61% of Moms Support K-12 Vouchers for Religious or Non-Religious Education: Friedman Foundation Mother’s Day Poll
I’d like to wish all mothers a “Happy Mother’s Day,” and I would like to share with you a poll released by the Friedman Foundation for Educational Choice, demonstrating the strong support all around the country for school vouchers at the K-12 level.
Below, I will highlight some of the findings of the poll. Click here to go directly to the Friedman Foundation’s Web site, where you can learn all of the detailed results and how the poll was performed.
The first graph I want to show you is Kansas school funding, which has increased about 90% since 1995, even though the inflate rate has only increased about 50% during that same time. Today, we spend about $13,000 per student in K-12 government schools:
Key Take-Aways from the Friedman Foundation Poll:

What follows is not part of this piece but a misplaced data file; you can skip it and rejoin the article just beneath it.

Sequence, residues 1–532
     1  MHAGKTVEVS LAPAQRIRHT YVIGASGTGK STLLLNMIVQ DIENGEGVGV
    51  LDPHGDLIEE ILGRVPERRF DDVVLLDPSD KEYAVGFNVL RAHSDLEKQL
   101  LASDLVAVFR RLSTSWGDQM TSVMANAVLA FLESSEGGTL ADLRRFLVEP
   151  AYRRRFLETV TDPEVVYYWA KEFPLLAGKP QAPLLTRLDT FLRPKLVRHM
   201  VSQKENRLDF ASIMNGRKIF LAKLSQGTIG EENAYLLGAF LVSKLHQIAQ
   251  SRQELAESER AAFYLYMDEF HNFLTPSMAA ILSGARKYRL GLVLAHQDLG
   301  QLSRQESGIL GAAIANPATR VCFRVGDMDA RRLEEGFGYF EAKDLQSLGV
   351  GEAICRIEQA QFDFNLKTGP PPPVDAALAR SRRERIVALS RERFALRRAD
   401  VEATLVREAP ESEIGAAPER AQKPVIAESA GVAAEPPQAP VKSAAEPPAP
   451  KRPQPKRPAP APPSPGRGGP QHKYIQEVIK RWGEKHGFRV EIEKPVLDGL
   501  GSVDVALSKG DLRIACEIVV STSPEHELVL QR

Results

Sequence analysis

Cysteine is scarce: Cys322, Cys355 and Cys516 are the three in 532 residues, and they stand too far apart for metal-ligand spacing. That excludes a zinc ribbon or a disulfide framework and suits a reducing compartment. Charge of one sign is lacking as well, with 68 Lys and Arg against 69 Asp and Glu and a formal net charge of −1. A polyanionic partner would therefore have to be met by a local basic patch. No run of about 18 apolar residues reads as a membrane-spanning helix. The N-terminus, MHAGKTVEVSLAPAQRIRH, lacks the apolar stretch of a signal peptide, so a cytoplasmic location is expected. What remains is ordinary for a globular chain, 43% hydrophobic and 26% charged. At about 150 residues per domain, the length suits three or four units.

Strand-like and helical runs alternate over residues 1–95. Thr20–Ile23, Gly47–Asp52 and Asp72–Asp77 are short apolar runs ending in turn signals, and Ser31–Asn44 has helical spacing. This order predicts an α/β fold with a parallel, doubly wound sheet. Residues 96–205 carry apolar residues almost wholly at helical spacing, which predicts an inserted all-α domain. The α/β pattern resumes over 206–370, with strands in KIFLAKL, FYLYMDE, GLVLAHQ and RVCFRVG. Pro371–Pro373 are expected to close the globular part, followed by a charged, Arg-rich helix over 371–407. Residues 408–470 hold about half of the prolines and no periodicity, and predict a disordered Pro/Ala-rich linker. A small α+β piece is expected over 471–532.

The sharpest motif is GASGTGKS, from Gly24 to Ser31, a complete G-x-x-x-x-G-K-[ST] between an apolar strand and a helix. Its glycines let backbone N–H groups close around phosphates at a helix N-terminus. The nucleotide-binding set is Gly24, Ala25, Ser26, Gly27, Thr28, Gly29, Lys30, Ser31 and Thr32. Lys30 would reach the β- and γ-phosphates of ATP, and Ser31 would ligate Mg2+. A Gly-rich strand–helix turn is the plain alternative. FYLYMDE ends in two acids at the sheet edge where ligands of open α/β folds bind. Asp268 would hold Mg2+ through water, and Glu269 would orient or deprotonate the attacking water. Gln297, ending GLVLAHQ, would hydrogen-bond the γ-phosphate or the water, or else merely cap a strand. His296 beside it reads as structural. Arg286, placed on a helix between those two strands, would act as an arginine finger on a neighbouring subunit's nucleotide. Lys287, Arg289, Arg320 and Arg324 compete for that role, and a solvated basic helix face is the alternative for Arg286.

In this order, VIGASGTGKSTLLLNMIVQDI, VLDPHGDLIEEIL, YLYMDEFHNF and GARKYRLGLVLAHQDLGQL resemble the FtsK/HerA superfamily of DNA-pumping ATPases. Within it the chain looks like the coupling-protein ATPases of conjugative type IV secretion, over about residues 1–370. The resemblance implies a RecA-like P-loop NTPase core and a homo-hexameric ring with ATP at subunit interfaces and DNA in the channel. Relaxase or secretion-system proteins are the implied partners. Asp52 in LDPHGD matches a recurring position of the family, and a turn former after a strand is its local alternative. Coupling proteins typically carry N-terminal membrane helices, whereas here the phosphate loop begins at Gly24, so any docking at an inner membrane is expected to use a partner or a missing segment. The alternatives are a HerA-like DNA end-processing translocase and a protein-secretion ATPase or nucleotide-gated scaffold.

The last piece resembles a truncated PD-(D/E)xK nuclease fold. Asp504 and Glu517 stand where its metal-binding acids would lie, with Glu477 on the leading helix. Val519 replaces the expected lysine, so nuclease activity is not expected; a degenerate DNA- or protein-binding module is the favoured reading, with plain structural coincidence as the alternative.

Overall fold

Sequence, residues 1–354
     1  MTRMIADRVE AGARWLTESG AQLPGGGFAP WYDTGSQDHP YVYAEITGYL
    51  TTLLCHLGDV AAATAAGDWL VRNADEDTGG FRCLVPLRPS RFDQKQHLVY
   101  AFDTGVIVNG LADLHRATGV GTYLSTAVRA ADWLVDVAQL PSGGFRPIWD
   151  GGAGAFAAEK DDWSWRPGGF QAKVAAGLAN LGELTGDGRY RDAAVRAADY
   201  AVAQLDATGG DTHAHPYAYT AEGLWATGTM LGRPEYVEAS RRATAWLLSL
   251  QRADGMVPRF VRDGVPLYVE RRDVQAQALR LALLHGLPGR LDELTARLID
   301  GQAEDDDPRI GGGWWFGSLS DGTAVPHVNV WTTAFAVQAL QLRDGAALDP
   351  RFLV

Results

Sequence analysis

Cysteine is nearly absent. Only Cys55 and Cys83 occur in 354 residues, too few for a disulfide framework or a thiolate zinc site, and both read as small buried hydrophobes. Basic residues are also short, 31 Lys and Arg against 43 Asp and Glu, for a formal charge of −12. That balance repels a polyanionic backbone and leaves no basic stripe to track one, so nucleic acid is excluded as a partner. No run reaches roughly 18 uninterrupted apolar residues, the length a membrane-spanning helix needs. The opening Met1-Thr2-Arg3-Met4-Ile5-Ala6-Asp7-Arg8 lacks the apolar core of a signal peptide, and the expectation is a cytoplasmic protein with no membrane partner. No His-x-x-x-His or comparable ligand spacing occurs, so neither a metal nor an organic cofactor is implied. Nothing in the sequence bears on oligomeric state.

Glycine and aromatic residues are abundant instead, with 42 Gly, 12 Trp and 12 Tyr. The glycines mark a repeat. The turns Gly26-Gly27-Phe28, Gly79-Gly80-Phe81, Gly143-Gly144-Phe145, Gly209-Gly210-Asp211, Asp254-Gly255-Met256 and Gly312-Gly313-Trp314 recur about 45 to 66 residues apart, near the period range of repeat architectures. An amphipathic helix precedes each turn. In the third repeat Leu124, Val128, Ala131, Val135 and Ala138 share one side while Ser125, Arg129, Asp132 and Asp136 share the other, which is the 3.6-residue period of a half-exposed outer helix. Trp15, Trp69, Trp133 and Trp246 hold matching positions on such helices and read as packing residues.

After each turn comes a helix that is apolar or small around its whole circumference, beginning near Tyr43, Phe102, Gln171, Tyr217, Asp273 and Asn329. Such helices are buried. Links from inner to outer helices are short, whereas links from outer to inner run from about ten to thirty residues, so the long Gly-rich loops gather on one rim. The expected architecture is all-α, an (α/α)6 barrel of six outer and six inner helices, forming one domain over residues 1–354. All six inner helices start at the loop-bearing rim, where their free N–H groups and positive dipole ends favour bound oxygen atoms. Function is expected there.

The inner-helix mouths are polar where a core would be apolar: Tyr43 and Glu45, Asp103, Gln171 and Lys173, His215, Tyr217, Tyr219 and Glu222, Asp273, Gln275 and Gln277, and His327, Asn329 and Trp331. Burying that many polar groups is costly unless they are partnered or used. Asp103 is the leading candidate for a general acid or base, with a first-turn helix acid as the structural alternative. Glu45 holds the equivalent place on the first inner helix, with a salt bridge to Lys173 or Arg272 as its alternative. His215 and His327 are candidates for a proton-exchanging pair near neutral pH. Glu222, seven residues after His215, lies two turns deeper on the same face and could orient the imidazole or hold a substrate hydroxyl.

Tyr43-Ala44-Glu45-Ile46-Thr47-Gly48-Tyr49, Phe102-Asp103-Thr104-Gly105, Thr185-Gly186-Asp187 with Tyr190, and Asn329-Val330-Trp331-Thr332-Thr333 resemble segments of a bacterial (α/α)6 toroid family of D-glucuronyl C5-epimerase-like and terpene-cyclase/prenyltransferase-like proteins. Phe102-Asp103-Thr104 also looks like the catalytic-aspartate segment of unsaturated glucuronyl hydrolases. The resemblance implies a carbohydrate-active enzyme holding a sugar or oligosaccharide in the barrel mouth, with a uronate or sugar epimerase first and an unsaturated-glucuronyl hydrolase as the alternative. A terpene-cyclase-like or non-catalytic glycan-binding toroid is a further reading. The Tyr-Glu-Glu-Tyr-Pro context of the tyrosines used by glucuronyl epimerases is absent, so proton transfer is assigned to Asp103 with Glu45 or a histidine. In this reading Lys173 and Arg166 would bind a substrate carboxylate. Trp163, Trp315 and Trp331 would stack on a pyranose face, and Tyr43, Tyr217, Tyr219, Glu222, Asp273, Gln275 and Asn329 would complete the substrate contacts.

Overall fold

1. 61% of moms support school vouchers, for both religious and non-religious education.
2. 55% of moms would not choose public schools, and 37% would choose a private school, if they had choices.
Click to enlarge:
3. Only 22% of Midwest adults rate public schools with an “A” grade. Only 59% of adults give a “B” or “A” grade.”
4. Even though almost half of adults do not know how to rate regional private schools or charter schools, only 42% of all adults would choose public schools as their first choice for their child’s education.
5. Support for school vouchers is strong, among all adults nation-wide.
Connect with Benjamin Hodge at Facebook, Twitter, LinkedIn, Google Plus, The Kansas Progress, and LibertyLinked. Hodge is President of the State and Local Reform Group of Kansas. He served as one of seven at-large trustees at Johnson County Community College, a member of the Kansas House of Representatives, a delegate to the Kansas Republican Party, and was founder of the modern Overland Park Republican Party. His public policy record is recognized by Americans for Prosperity, the Kansas Association of Broadcasters, the Kansas Press Association, the Kansas Sunshine Coalition for Open Government, the NRA, Kansans for Life, and the Foundation for Individual Rights in Education (FIRE).